It has given me space to gently and effortlessly explore my desire to stand up and step up to be heard. To clarify my voice, my gift, my offerings to the world.

It has given me beautiful guidance on what I want to do to create a world of difference.

If I change my glasses, shift my lens, I can see this time of creating the #ShePersisted series as my journey into my soul where I delve into exploration of our human condition through wonder and awe for all we do collectively to create war and peace, discord and harmony, walls and bridges, abuse and comfort, deception and truth, hatred and love.

As the images and words for this series have flowed, and continue to flow (I’ve still got a list of over 10 quotes that have popped into my head at random times), I have been enthralled by the experience of giving into the creative process, fearfully and fearlessly, haltingly and effortlessly.

It is the yin/yang of creativity.

To be afraid of a blank page. To dive hopefully into the open space calling itself into being.

And in that realization, I am overwhelmed by a sense of gratitude. Joy. Knowing.

There are no blank pages. Just beautiful wide open spaces calling out to me to breathe into my creative essence and with every exhale, blow away my fear of being the change I want to see in the world.



To view the whole #ShePersisted series, please visit my website.




I surrender

I have an early morning meeting today.

Had two events last night.

Busy. Busy.

Yet, no matter how busy, the invitation is always there to co-create with the muse, the universe, life.

My dear friend Sheila K. sent me the MEME above. It’s inspiration, and her creative spark, will lead to another piece in the #ShePersisted series. “They said calm down. She created winds of change.”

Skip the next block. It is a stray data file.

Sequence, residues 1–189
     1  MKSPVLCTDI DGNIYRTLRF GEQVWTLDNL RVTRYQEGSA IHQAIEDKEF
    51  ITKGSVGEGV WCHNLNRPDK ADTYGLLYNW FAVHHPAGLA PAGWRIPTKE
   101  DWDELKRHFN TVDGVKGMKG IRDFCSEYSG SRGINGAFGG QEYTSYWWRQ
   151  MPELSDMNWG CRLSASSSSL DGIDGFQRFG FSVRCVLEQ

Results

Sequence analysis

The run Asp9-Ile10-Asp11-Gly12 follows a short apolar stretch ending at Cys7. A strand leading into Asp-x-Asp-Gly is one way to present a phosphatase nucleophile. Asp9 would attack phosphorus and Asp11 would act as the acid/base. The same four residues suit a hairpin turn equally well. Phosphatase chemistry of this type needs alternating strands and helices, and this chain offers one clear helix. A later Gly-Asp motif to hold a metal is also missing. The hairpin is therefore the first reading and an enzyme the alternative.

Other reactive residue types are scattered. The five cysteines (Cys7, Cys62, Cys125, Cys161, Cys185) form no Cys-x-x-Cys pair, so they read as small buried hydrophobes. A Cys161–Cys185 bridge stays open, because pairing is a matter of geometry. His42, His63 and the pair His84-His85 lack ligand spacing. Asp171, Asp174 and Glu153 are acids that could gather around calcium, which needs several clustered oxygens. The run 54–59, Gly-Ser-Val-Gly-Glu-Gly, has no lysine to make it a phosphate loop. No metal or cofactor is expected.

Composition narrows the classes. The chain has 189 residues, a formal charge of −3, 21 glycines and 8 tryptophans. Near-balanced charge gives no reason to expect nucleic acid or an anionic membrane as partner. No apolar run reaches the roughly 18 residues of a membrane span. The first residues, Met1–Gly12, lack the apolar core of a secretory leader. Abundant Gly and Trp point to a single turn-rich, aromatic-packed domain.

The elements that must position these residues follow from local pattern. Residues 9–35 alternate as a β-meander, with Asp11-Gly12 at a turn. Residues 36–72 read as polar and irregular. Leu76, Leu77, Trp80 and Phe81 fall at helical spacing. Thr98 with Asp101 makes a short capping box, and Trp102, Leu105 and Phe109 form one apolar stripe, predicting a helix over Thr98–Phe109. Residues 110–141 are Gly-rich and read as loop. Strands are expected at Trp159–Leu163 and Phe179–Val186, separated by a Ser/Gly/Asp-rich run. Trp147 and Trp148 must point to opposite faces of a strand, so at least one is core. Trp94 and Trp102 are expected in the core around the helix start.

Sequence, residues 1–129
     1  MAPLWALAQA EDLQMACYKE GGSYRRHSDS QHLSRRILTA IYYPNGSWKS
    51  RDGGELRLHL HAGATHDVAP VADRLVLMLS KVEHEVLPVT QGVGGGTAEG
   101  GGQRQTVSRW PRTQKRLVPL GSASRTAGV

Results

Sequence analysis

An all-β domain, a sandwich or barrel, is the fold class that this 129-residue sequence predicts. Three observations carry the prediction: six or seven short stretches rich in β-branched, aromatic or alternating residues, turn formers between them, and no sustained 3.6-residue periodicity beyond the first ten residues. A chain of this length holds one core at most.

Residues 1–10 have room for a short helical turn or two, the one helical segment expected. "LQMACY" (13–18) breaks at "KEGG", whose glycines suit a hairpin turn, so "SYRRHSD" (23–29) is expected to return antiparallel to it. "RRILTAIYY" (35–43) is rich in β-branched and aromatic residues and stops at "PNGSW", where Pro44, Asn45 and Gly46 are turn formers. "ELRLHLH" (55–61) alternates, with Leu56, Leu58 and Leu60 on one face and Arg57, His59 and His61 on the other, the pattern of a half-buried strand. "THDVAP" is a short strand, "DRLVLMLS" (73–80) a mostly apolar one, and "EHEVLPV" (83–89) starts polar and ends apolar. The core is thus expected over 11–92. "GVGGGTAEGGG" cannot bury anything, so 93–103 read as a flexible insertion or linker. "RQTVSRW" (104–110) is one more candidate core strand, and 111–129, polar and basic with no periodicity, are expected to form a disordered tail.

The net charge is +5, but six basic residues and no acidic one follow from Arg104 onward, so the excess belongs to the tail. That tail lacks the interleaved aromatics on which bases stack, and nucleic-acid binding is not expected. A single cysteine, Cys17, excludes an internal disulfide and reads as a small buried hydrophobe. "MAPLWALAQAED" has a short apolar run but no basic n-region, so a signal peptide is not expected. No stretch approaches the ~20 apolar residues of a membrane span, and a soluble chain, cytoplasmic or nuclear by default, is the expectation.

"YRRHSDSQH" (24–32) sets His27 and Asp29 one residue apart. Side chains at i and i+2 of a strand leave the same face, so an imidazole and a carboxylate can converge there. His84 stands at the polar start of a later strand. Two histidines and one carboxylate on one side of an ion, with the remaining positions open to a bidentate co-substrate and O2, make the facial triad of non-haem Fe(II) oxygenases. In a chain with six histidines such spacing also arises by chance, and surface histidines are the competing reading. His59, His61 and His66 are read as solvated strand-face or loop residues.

Yesterday, at an International Women’s Day Luncheon sponsored by BDP, I listened to Elisabeth Manley speak about her journey through mental health issues to the Olympic medal podium. Her words inspired another piece for the series. “They said there’s nothing you can do to change it. She did what they said couldn’t be done.”

The universe is filled with invitations to co-create. To fall into the flow and let yourself be carried away by life’s juicy creativeness.

As I am leaning into co-creating the #ShePersisted series with the muse, giving into the flow means surrendering to life’s urgings to express my creative essence, fearlessly, honestly and freely.

I surrender.



I have tolerated bad behaviour. It’s time to change. #BeBoldforChange

I have tolerated a lot of bad behaviour in my life.

I have had men hit on me with the promise to support my career if I slept with them.

I have had men offer money for sex, because I was standing in a hotel lobby by myself or walking down the street at night.

I have had men ask me to take notes at a meeting, not because that was my role, but because I was a woman.

I have had men ask me to grab them a coffee, again, not because that was my job, but because I was a woman.

And, I have had men tell me crude jokes, or make suggestive comments on the phone, confident they will not be corrected, abraded, or called out.

Sure, it may seem small potatoes in the big picture of the pressing dangers women face all over the world, everyday. Rape, war, violence against women and  female genitalia disfiguration and so many other inhumane practices that do not serve our humanity well.

But, gender based biases where I allow bad behaviour to be the norm, or laugh them off with a wave of my prettily manicured hand and shrug as if to say, “Oh well. Boys will be boys,” does not change anything.

Boys will be boys and they deserve so much more than being the target of women’s ire and disdain.

Thank you Ghandi. We need to BE the change we want to see in the world.

Change depends on our doing the small things and the big things.

Change depends on our not tolerating the innuendoes and the sexual assaults.

Change needs us to speak up in the face of discriminatory practices and to yell out, loud and strong, when faced with attacks on our sex, gender preferences, race and faith.

The theme for this year’s International Women’s Day is:  Be Bold for Change!

My #ShePersisted painting for this day is about being brash, loud and bold.

It’s about wearing whatever we want, without fearing reprisal.

It’s about speaking up, without fearing being shut down.

It’s about being bold, without fearing being emblazoned with labels that denigrate our femininity, sexuality and humanity.